I said this over and over to my 4-year-old, but he just kept asking for new Lego sets and innocently asking when I was going to do the work to get the money.
To be fair to him, I sit at a computer all day, and it seems unlikely that someone could be paying me to type on my keyboard. Also to be fair, I had paid for all Lego sets until this point, so that was what my son expected.
The problem was, my son wanted every Lego set he saw, I was absolutely exhausted from telling him about work and money, and he still had absolutely no idea what I was talking about.
I was pretty certain I did not know what I was doing as a parent and despite my beliefs about hard work and money, I was going to cave and buy another Lego set, just to stop the painful and constant loop of conversation. I was much too busy to keep on repeating, “THINGS COST MONEY. To earn money for the things, you need to DO WORK.”.
Just before I gave up and bought another Lego set, I stumbled across a magazine article about childhood jobs. I read about an older boy hauling out his family’s trashcan and had the idea in front of Joe within minutes. Hauling trash was physical work, and it was very easy to see why you could earn Lego money for it!
That same week, Joe’s Garbage Business was started.
This was in lieu of an allowance, as a way to teach Joe about money but also to avoid a situation where he felt entitled to it. The work was easy enough for a 4-year-old, but just hard enough to create learning opportunities.
Now 4 years later, it is hard to believe that Lego money for 1 kid was our main objective. The weekly work from hauling trash cans is turning all my kids into hard working, responsible, reliable, independent, financially savvy entrepreneurs who can also afford to buy their own Legos.
After 4 years of watching my kids run the garbage can business, and 4 years of watching their behavior and writing about the hardships and lessons from each week of work, I am certain that a childhood business is NOT started to save for college.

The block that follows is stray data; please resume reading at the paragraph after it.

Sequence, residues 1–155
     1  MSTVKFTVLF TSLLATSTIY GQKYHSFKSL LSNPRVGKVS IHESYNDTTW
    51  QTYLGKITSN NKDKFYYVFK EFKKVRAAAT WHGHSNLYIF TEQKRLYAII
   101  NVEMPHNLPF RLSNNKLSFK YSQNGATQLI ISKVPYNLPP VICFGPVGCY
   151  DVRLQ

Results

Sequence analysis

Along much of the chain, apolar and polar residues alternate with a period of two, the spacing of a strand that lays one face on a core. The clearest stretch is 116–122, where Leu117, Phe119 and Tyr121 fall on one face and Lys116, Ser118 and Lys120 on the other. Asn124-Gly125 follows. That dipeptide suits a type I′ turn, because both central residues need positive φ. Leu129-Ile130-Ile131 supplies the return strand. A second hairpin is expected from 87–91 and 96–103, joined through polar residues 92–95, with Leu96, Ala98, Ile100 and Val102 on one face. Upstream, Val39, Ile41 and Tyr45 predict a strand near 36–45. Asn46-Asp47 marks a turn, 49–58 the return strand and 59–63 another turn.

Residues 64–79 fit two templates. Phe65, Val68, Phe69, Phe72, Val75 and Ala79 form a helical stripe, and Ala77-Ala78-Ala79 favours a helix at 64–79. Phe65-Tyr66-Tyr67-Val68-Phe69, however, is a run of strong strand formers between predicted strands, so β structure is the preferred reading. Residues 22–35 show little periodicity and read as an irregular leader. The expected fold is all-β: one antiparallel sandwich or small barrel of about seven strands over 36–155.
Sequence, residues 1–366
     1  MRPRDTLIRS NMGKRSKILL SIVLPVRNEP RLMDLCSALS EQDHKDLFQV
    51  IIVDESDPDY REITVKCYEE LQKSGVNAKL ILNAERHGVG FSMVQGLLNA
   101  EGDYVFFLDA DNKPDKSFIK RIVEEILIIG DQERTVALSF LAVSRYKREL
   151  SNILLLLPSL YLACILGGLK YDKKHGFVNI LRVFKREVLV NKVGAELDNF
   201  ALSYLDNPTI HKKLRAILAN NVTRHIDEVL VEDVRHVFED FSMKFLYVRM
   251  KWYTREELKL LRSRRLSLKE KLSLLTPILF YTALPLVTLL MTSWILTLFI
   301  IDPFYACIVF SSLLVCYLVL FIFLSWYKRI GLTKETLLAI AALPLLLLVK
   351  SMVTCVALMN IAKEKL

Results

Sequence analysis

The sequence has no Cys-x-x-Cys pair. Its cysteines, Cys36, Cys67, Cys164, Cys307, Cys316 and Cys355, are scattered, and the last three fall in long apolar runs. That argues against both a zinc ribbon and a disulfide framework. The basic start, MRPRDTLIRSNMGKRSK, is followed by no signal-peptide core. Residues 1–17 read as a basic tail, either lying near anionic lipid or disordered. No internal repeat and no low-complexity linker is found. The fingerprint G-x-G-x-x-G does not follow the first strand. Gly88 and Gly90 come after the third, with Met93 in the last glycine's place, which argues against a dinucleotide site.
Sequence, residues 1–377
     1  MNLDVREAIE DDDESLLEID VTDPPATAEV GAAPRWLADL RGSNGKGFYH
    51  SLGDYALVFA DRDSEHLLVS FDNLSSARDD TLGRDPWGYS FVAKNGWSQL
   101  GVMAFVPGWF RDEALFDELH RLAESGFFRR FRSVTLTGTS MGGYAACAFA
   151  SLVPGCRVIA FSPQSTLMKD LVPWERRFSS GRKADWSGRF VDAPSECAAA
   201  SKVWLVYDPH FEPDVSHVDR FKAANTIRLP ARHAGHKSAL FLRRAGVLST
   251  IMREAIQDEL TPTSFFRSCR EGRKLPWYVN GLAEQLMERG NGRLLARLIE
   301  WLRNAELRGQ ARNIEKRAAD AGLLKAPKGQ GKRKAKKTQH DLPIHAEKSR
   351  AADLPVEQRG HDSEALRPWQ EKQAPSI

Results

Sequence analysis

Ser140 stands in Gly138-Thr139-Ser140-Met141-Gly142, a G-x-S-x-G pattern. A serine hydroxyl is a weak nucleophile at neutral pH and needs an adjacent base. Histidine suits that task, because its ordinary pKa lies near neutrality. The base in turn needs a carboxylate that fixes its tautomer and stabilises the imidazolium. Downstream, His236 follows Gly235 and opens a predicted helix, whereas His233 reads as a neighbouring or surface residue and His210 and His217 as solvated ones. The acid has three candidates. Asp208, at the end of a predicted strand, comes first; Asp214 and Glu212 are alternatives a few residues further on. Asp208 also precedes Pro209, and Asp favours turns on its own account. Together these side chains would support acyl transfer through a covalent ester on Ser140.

The real value of starting a childhood business is to reveal behavior in regards to hard work, money and opportunity. As I learned from (unsuccessfully) discussing these topics with my Lego crazy 4-year-old, I know it is important to not only tell my kids about these things, but to let them experience them.
With the garbage can business, my kids got to know what a bad decision and good decision felt like, and the hope is that they will continue to make good decisions for the rest of their lives.
For example, if my kids blow all their money on ice cream and then cannot buy the Lego set they have been begging for, they know how that feels. Also, if they decide to not do their job and the neighbors are upset, they also know how that feels. Of course, the opposite is also true, and in the long term, good decisions feel better.
With help, and through the regular work of the business, I’ve seen my kids become responsible and self-reliant entrepreneurs that know the value of a dollar. I believe these characteristics can help shape a person into a happy and successful adult.
The 7 benefits we’ve seen from a childhood business are in the book. Click on the book to the right, download your copy and be reading it within minutes!